Asthma symptoms don’t follow any specific rules and can be very unpredictable. For many people, they have to deal with their asthma symptoms almost every day. For reasons not totally understood, others might have their symptoms only show up every once in a great while.

Allergic asthma is typically caused by airborne and seasonal allergens. Typically, there is a family history of allergies, but not necessarily asthma. Once you are exposed to the allergen, it acts as a trigger for an asthma attack. By avoiding the allergen, the asthma is controlled.

This type of asthma is the most common among all the other types. Statistics show that kids are more prone to allergic asthma with 90% having the disorder. Allergens such as molds, pollen and mites are the most common culprit of allergic asthma. Exercising in cold air or inhaling strong fumes, dust, smoke, perfumes or colognes can actually make it worse.

People who suffer from any form allergy are prone to get this type of asthma. Often other family members also suffer from some form allergies. People in this group often suffer from other related allergic conditions (atopy) such eczema and hay fever. This type of asthma often develops in childhood and usually cause problem mainly in certain seasons of the year.

Symptoms of Allergies

Symptoms ranging from itchy skin, stuffed up nasal cavities, runny noses, head or sinus aches, bouts of sneezing, sinusitis, irritated, watery and reddish eyes, puffy, swollen or discolored eyelids, wheezing, a “tight” chest, scratchy throats, raspy voices, dry unproductive coughs, feelings of lethargy, mental fatigue and even depression are not uncommon.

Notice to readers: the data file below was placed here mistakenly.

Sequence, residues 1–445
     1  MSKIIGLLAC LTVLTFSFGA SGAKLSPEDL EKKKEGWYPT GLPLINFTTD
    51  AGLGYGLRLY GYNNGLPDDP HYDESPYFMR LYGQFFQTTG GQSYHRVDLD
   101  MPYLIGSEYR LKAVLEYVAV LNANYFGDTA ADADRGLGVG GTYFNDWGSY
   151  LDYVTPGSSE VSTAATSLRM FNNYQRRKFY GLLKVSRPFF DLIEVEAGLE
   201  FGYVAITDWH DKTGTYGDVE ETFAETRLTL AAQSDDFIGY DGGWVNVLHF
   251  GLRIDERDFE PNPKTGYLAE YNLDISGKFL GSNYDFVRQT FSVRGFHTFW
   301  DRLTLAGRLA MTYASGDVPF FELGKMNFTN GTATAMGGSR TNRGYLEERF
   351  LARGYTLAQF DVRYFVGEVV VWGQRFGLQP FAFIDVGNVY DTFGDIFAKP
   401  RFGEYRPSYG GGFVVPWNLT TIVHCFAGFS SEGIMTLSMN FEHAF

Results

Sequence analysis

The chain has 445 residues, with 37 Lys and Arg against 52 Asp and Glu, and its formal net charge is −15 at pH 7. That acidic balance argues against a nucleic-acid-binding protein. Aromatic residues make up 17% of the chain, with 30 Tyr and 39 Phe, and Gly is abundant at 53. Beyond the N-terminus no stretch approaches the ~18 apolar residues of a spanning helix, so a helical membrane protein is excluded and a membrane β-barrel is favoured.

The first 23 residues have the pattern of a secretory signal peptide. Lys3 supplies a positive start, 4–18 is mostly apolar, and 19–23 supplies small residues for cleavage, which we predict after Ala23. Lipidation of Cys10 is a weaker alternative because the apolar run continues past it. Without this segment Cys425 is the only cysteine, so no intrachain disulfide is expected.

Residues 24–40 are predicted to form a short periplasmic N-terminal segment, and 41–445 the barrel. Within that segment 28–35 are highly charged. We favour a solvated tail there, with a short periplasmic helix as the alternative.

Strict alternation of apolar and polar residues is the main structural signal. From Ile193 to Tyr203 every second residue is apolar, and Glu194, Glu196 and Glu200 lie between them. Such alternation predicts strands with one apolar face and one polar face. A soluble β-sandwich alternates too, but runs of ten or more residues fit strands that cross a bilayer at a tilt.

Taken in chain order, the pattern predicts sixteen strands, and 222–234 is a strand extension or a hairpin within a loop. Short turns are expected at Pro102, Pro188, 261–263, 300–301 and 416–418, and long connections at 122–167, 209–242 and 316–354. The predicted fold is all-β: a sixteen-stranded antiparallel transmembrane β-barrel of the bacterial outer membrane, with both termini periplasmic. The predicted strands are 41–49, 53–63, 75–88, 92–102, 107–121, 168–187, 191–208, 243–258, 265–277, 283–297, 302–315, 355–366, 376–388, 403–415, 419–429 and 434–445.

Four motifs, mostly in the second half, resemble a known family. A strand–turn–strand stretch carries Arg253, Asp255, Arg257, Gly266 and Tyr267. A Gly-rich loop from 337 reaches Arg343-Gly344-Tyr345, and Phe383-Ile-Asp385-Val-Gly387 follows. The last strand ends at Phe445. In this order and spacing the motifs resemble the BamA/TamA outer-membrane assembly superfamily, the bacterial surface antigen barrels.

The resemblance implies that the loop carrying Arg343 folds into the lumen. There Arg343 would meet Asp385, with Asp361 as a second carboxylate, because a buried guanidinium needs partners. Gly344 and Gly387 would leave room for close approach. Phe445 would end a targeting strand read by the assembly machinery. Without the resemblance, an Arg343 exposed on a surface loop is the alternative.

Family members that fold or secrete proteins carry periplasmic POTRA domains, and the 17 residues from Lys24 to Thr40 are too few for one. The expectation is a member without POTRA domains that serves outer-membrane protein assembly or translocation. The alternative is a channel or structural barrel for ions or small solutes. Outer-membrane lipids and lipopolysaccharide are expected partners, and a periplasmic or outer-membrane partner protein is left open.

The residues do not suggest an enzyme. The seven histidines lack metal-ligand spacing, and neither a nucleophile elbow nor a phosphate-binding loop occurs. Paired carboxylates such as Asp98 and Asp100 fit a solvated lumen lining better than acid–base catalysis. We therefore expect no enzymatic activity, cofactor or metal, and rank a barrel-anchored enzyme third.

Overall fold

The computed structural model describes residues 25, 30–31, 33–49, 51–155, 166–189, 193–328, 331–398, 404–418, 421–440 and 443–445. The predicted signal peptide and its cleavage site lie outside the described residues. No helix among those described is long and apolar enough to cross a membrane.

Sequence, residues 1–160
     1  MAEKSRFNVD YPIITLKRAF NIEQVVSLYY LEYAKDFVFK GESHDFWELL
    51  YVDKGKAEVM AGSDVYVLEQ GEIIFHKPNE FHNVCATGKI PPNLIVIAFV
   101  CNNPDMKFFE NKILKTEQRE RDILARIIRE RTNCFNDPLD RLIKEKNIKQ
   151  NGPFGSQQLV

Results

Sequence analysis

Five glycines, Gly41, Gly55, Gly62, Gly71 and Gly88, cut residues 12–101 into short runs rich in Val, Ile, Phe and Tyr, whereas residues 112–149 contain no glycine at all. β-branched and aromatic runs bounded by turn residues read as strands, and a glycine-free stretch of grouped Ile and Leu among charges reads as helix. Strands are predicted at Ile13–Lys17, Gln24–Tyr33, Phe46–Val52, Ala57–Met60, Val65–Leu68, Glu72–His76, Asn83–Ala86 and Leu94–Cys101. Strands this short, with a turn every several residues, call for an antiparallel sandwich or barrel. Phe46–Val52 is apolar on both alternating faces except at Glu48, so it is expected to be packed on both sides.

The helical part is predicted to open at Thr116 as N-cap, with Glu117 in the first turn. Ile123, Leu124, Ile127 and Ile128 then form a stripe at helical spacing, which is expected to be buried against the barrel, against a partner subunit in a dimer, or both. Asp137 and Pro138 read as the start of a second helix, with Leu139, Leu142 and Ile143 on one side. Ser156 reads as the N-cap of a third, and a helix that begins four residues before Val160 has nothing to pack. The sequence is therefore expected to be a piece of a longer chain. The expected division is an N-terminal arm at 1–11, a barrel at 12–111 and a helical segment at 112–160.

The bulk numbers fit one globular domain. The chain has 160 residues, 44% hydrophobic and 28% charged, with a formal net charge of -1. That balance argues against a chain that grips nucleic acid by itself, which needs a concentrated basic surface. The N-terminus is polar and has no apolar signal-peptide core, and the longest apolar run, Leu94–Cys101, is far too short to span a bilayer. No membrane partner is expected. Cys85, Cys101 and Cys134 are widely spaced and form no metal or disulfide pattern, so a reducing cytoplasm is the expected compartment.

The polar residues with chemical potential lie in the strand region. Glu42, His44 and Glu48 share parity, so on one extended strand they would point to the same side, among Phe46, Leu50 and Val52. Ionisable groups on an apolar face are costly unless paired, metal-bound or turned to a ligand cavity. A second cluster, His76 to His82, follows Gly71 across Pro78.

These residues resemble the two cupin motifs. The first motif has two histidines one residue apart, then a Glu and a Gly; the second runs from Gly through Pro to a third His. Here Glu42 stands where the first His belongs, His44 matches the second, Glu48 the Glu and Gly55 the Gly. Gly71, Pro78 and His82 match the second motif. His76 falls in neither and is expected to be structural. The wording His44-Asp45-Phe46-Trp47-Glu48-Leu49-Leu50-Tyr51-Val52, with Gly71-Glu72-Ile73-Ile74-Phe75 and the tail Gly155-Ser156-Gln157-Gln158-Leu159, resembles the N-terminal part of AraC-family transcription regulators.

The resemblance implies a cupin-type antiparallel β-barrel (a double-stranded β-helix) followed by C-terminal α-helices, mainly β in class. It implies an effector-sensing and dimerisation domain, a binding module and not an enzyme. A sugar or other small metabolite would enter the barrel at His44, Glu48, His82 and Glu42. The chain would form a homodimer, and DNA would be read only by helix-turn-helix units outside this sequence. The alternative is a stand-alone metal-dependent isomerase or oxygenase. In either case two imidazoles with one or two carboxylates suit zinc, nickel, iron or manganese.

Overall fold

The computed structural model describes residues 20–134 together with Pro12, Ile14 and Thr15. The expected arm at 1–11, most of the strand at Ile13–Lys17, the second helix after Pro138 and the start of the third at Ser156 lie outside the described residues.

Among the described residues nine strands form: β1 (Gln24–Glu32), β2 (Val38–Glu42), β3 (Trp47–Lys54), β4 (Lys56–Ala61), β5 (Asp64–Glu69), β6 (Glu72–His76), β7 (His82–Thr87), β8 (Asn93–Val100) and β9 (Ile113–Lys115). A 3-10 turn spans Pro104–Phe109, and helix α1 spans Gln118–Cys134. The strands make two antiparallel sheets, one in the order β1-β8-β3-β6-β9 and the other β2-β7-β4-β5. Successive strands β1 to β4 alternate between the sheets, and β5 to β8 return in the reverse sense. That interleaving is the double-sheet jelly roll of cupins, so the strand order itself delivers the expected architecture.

There are three basic components to an effective asthma treatment which are: monitoring of symptoms, preventing triggers, and medication treatment. Evaluating each component will produce a better understanding of the suitable treatment given that will help control and prevent symptoms.

It is important to know what your personal asthma triggers are. Preventative medications do not stop an asthma attack, they only help improve your day to day functioning. Therefore, knowing your personal triggers is a must. Triggers can include weather conditions like extreme temperatures, pet dander, dust, mold, pollen, dairy products, emotions, and exercise.

Other asthma attack natural treatments may vary from medicines or certain types of remedies, in which in most cases are used sometimes in a mixture with other components inside of an inhaler. Depending on the asthma inhaler type, some may be a natural way to decrease asthma attacks within your lifetime, and after awhile may decrease the overall symptoms of your asthma.

Asthma is a chronic disease of the respiratory system in which the airway occasionally constricts, becomes inflamed, and is lined with excessive amounts of mucus, often in response to one or more triggers. In children, the most common triggers are viral illnesses such as those that cause the common cold.This airway narrowing causes symptoms such as wheezing, shortness of breath, chest tightness, and coughing.

Bishop’s Weed (Trachyspermum ammi)

Bishop’s weed is an expectorant. It can relieve dried up phlegm within the respiratory tract. It can be taken with buttermilk for best results.

Similar Studies